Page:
How exactly did Sweden’s carbon tax work to reduce emissions? One significant shift came from how its buildings are heated. Sweden uses district heating, where central units provide heat to entire blocks and neighbourhoods. Carbon taxes made biomass cost competitive with fossil fuels, and its use in heating quadrupled in just five years.

Another successful example of pollution pricing comes from the United States. Prices don’t just work for greenhouse gases; a price on any type of pollution can work, as long as it’s well-designed. Remember acid rain? It didn’t disappear on its own. The United States set up the world’s first cap-and-trade system in the 1990s and eliminated the problem in less than a generation.

Once 3,200 American power plants had to pay for their sulfur-dioxide emissions, they quickly came up with creative ways to reduce their emissions and avoid those costs. They rerouted rail cars to gain access to different types of coal and then experimented with them to produce fewer emissions. They also invested heavily in “scrubbers” that pull sulphur dioxide directly from the exhaust stream.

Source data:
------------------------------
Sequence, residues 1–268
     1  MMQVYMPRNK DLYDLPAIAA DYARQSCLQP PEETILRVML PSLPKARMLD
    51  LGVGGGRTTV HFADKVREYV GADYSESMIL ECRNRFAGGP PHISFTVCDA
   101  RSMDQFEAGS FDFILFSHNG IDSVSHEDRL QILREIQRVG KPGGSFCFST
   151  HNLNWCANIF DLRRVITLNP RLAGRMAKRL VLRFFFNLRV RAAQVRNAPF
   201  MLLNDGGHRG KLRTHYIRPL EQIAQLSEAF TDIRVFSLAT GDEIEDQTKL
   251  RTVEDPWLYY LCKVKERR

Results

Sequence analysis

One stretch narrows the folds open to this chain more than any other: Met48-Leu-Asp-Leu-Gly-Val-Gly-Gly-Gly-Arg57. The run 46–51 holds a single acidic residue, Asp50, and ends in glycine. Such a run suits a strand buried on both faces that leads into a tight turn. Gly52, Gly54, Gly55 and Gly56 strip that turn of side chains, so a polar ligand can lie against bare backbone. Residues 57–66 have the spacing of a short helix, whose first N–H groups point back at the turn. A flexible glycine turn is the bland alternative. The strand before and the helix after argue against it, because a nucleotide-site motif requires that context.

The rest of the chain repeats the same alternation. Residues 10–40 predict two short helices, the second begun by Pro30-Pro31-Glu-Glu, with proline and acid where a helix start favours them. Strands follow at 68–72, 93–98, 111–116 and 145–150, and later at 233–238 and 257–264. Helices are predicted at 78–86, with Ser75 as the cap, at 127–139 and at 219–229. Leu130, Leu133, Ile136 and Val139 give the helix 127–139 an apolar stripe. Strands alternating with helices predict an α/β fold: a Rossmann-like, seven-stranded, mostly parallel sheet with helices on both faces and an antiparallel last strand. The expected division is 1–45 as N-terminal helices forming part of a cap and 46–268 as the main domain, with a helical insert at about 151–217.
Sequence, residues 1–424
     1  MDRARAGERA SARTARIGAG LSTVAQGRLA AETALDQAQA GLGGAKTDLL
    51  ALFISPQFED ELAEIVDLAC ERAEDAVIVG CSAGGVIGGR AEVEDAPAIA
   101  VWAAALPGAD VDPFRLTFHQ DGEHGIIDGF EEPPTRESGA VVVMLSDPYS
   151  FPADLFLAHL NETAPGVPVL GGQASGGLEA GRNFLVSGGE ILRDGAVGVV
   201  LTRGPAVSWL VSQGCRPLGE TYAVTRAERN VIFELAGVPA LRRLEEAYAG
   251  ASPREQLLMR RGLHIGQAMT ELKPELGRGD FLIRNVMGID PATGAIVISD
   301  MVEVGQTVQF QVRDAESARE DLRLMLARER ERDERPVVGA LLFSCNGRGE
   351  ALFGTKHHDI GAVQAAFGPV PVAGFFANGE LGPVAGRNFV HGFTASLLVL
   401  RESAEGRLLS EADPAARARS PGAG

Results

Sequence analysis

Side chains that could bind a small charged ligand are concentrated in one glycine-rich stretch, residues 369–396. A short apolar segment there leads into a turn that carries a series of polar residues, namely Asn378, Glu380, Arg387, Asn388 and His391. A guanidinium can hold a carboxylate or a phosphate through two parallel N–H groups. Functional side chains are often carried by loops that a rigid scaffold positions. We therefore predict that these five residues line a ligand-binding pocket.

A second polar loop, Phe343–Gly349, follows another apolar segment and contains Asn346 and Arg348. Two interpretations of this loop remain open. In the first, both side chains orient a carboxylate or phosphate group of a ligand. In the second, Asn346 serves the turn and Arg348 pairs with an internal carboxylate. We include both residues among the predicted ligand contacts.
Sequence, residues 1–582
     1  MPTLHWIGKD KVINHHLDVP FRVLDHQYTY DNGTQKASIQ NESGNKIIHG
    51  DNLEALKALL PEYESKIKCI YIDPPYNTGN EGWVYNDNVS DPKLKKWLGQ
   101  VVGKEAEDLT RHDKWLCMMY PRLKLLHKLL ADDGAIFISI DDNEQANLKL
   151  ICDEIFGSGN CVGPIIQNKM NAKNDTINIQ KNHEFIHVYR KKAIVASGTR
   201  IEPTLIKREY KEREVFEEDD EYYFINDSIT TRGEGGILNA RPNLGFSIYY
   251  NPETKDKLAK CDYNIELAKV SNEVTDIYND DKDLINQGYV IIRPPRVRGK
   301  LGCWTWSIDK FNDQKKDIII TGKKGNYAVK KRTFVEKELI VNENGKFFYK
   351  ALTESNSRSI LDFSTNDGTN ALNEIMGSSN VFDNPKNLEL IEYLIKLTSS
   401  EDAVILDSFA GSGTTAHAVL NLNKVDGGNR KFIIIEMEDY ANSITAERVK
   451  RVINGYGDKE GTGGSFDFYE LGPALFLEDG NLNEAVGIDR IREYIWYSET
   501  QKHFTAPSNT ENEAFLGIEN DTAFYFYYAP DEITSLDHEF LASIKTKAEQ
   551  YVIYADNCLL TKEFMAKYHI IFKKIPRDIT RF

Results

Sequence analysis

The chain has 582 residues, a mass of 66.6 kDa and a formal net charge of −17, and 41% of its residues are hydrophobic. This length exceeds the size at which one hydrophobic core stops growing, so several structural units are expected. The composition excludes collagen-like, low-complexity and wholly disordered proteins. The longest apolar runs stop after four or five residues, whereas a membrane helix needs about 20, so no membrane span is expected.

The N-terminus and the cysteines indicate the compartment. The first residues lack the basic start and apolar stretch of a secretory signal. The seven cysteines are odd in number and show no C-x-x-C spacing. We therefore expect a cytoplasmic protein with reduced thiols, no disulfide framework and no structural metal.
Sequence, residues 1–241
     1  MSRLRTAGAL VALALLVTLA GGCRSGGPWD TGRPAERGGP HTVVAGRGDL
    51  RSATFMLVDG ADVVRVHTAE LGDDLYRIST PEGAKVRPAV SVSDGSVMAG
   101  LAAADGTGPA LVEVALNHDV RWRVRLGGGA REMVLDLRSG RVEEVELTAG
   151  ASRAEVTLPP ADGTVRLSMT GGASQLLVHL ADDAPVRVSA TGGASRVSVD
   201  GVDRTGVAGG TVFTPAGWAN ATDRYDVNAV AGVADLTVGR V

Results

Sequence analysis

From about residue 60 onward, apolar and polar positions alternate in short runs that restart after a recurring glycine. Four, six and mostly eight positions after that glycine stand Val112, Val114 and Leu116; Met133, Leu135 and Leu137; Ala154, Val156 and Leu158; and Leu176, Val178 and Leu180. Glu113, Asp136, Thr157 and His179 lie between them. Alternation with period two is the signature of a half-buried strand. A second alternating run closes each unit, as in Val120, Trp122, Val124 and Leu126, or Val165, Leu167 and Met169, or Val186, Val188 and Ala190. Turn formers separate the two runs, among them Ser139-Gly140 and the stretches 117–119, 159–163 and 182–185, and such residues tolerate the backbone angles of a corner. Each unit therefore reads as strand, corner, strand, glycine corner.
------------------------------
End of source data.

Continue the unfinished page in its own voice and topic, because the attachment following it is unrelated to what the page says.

The U.S. policy was a success by any measure. After 10 years, sulfur-dioxide emissions had declined by 36 per cent, even though coal production had risen by 25 per cent. The program more than paid for itself and saved billions of dollars compared to less flexible and more intrusive regulatory approaches.

Now back to Canada. As we enter the federal election season, Canadians should ask themselves: how best should we reduce GHG emissions to fight climate change? MORE

Uncertainty for clients due to carbon pricing

Putting a price on carbon means business will have to take seriously their carbon emissions

‘Businesses would be wise to quantify and verify greenhouse gas emissions’